Editorial

Get it in writingThe Ontario Court's 24-page judgment by Madame Justice Kathryn Feldman ordering Mr. Submarine to pay twice for commercials aired on CFTO-TV in the fall of 1989, despite Mr. Submarine having already paid the now-defunct Deane Advertising for them,...

Get it in writing

The Ontario Court’s 24-page judgment by Madame Justice Kathryn Feldman ordering Mr. Submarine to pay twice for commercials aired on CFTO-TV in the fall of 1989, despite Mr. Submarine having already paid the now-defunct Deane Advertising for them, may or may not set a legal precedent.

However, it is impossible to dispute that the judge’s Nov. 19 ruling is a highly salutary lesson for the media, advertisers and their agencies and they ignore it at their peril. Not because of its legal argument, although we suspect many in-house counsel are staying later than usual at the office because of it, but because of its implied argument.

Simply, the traditions which began when advertising agencies were agents of the media and sold space on their behalf, and which have served as the basis for media buying and selling since then, are obsolete.

An industry which has a turnover of $8 billion to $10 billion a year, depending on who is doing the estimating, can no longer muddle through; can no longer operate on quick telephone calls, contracts on the backs of envelopes, and slipshod credit reporting. The time has come for what might be called a contractual grid to be accepted by all media providers, advertisers and their agencies.

Of course, shallow arguments about a business having the right to run its affairs as it sees fit will be advanced; and those with special interests or special arrangements or turf to defend will rush to deny that drastic remedial action is required. But the fact remains, the time has come for tradition and traditional animosities to be set aside for such sound reasons as cost, efficiency, clarity and purpose.

What this proposed contractual grid may finally comprise is best left to the interested parties to decide, but some of its elements, in no particular order, seem intuitively obvious.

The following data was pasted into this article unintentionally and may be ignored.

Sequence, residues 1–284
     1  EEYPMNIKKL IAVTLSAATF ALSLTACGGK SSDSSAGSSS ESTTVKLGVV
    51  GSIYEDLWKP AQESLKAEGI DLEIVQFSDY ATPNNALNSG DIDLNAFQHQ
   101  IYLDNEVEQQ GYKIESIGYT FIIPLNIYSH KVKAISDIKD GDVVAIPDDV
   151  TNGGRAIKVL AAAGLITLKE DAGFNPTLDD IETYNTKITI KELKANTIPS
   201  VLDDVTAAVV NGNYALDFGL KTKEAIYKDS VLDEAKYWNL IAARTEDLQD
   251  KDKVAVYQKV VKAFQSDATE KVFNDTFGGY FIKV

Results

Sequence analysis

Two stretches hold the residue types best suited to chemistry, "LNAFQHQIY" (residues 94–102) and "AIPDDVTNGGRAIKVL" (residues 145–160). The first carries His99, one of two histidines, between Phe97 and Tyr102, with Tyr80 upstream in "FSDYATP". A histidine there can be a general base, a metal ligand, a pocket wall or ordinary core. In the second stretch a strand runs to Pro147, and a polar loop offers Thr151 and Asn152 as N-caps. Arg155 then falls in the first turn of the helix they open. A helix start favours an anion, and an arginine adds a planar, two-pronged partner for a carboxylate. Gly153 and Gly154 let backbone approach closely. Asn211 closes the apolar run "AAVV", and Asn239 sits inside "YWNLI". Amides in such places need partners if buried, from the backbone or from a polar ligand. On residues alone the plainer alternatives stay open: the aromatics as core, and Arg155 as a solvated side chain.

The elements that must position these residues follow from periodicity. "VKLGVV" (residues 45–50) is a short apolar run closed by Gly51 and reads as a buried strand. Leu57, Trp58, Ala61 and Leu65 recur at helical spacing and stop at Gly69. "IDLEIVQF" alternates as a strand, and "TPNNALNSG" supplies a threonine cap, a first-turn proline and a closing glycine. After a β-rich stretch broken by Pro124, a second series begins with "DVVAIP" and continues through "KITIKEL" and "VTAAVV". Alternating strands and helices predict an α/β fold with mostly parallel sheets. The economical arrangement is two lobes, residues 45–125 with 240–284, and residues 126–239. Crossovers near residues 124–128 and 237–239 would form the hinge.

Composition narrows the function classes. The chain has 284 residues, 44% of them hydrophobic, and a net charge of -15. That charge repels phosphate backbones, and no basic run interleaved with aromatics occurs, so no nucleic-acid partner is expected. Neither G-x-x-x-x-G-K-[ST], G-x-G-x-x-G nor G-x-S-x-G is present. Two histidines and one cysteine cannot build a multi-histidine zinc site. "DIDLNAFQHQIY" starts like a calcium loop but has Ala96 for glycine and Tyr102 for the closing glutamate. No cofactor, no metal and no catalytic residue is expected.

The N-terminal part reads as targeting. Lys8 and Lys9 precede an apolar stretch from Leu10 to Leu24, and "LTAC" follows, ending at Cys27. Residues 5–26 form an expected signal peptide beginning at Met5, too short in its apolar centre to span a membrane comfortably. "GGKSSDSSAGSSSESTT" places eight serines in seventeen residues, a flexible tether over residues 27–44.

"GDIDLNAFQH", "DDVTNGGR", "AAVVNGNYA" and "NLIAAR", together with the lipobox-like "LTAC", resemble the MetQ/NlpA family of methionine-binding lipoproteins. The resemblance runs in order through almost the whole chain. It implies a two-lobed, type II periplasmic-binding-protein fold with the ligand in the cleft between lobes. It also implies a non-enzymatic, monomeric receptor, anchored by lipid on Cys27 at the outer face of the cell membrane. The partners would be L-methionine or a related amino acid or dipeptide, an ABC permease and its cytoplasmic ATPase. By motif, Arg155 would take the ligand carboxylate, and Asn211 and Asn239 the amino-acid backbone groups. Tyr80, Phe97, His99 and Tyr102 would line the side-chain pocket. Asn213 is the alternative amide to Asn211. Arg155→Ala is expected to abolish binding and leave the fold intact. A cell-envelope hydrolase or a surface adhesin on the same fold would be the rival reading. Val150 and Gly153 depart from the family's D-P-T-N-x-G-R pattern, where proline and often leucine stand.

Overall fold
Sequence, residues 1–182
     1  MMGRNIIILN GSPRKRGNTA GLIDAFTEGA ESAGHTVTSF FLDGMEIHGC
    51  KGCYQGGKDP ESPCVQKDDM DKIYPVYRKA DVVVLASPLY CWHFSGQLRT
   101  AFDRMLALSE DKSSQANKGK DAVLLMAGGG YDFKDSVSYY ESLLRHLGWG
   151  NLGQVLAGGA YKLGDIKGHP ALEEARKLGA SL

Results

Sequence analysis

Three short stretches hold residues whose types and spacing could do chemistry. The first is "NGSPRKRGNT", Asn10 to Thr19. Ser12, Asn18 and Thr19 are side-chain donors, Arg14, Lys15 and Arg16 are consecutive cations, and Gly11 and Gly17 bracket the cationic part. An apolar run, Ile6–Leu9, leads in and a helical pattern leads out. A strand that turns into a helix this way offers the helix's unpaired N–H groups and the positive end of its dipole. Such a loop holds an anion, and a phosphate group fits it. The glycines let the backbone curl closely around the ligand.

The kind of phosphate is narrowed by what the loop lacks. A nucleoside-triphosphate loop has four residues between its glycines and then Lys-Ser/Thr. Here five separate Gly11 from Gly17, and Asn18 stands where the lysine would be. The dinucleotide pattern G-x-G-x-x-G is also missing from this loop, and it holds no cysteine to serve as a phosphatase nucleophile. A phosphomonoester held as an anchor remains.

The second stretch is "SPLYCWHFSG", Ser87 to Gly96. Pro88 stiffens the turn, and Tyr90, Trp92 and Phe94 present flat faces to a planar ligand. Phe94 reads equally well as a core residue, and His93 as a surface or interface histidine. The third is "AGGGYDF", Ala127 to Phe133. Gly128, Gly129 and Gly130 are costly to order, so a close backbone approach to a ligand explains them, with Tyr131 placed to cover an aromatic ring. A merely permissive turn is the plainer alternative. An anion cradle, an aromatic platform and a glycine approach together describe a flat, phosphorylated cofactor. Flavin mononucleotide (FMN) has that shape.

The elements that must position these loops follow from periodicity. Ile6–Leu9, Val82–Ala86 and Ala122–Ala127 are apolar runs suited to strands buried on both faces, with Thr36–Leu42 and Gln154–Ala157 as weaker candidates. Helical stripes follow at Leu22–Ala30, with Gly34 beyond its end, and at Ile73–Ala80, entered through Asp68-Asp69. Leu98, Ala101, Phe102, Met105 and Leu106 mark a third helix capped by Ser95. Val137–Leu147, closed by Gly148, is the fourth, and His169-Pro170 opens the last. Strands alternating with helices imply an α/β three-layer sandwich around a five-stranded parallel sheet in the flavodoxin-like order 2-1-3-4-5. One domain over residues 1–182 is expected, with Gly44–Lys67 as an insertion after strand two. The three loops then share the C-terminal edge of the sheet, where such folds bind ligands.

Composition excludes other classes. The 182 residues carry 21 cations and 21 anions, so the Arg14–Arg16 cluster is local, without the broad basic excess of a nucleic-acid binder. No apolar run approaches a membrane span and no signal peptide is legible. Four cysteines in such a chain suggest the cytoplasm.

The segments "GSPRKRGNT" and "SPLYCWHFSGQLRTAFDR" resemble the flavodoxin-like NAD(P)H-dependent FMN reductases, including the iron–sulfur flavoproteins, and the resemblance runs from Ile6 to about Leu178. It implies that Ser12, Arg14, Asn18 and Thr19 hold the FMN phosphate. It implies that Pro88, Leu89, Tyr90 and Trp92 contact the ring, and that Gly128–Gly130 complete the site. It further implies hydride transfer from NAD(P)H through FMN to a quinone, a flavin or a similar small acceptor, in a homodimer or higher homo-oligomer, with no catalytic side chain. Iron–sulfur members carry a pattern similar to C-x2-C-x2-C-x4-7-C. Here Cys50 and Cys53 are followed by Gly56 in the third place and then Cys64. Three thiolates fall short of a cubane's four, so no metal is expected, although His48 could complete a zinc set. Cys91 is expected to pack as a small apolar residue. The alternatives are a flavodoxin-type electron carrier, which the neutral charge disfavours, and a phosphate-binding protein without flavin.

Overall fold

The first is a reliable credit reporting agency; a sort of creditworthiness clearing house open to all bona fide industry interests. A printer could use it to check on an agency; an agency could use it to find out about an advertiser; a broadcaster could use it to assess a media buying agency or service. Any such credit agency would, no doubt, cause a few eyebrows to shoot up over the relative merits or demerits of the party being checked. But must it be pointed out an unpleasant surprise before a contract is signed is much less traumatizing than a surprise after things are on paper.

Second, advertisers at least should insist that their contracts with agencies contain random audit clauses. Not because all advertising agencies are careless or calculating, but because the clauses would dispel any lingering suspicion that media funds paid in good faith are not being used as a float or, worse, to earn interest in short-term investments.

Next, and although there may be no such thing as a standard contract in law, real world guidelines might be adopted to put to rest the threat of dual liability. They could state categorically who is responsible for paying what; when payment must be made; and who is responsible should a contractor default.

With billions of dollars at stake, not to mention the immediate fate of many cash-strapped companies, it makes no sense at all to rely on the imprecision of antiquated custom.